Of course, it could also have a completely different that we’re all missing. This is always the big challenge when working in archaeology: you’re trying to draw as much as possible from incomplete information, and there are slim chances of ever finding confirmation. Whatever the case may be, the idea that that seven millennia ago someone was practicing brain surgery on cows is perplexing. But who knows — perhaps 7,000 years from now, future observers will look back on our medical practices and ask themselves, “Why on Earth did they do this?”

cow chewing

‘Chewing like a cow’ helped early mammals thrive in the wake of dinosaur extinction

We’re generally more interested in what’s on our plate than how we eat it, but here’s an interesting thought you can bring to the dinner table tonight. According to evolutionary biologists from the University of Chicago, the same side-to-side chewing motion that’s familiar across most mammals helped our early ancestors grind food with their molars and opened up access to a more diversified diet. This evolutionary edge may have gone a long way 66 million years ago, during the mass extinction event of the Cretaceous known for wiping out the dinosaurs.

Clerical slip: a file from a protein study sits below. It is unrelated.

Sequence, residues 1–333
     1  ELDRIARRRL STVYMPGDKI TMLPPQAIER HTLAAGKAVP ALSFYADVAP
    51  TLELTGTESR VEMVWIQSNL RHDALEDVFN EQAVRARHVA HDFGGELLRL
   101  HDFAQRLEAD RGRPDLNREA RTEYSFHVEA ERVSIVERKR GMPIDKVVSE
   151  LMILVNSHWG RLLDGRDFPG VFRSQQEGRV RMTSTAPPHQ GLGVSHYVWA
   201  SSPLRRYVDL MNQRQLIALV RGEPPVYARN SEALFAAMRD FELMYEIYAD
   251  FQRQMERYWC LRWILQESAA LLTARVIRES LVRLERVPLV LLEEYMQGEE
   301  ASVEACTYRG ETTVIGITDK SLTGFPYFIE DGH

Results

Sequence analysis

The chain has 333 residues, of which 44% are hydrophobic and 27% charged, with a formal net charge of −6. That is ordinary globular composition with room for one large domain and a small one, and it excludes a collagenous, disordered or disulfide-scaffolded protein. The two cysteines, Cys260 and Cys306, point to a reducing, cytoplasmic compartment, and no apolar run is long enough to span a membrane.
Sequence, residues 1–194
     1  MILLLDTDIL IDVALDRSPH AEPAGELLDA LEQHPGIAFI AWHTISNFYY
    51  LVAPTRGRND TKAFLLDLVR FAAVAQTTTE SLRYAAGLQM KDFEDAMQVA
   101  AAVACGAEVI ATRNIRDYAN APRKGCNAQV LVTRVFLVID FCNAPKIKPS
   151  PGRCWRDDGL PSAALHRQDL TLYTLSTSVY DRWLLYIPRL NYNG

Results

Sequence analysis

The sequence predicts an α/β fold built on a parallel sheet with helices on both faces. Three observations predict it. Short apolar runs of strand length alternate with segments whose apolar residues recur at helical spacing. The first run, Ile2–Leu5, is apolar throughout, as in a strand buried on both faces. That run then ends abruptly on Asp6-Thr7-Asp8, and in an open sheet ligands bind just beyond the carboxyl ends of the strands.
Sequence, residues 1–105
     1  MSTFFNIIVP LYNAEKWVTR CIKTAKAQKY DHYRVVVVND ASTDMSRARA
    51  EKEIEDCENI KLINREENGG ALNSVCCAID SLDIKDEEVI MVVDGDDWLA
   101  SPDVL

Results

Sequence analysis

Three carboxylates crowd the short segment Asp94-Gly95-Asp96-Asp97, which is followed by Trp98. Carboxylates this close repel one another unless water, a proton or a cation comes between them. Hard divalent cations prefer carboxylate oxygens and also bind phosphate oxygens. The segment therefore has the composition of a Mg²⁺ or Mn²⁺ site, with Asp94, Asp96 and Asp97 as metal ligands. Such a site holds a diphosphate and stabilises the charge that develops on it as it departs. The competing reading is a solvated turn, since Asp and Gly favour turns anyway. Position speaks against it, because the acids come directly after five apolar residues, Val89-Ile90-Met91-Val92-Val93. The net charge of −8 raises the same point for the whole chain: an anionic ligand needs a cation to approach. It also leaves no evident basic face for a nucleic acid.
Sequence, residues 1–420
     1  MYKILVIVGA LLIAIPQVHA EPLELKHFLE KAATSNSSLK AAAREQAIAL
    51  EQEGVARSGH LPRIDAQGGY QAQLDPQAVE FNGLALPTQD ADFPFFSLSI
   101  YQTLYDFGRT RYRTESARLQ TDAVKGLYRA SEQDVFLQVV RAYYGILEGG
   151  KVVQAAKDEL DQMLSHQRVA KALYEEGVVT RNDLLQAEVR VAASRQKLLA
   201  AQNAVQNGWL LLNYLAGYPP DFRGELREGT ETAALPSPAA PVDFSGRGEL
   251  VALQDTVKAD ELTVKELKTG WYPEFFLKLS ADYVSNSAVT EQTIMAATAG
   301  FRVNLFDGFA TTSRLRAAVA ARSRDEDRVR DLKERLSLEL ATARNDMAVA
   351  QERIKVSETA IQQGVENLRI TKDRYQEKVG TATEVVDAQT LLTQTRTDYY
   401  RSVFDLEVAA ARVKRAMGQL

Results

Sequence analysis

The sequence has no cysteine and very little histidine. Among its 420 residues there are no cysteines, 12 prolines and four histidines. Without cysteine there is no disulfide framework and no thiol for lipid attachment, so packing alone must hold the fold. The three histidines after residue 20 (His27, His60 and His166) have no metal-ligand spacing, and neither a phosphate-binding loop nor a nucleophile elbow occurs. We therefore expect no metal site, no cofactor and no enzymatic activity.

cow chewing

Credit: Pixabay

You’ll often hear aviation engineers use the terms ‘pitch’ and ‘yaw’ to describe the movements of airplanes, where pitch rotation results in basic up and down movement while yaw rotation results in side-to-side, crosswise motion. The same terms are employed by the biologists as well, when talking about the mechanics of motion of various body parts. For instance, almost all modern mammals from deer to kangaroos to humans share similarities in their jaw and muscle structure that enable both pitch and yaw.

David Grossnickle, a graduate student at University of Chicago’s Committee on Evolutionary Biology, wanted to investigate how mammalian chewing evolved. He painstakingly combed through 2D photos of early mammal fossils and 3D data collected from modern mammal specimens by the Field Museum, and eventually spotted some patterns.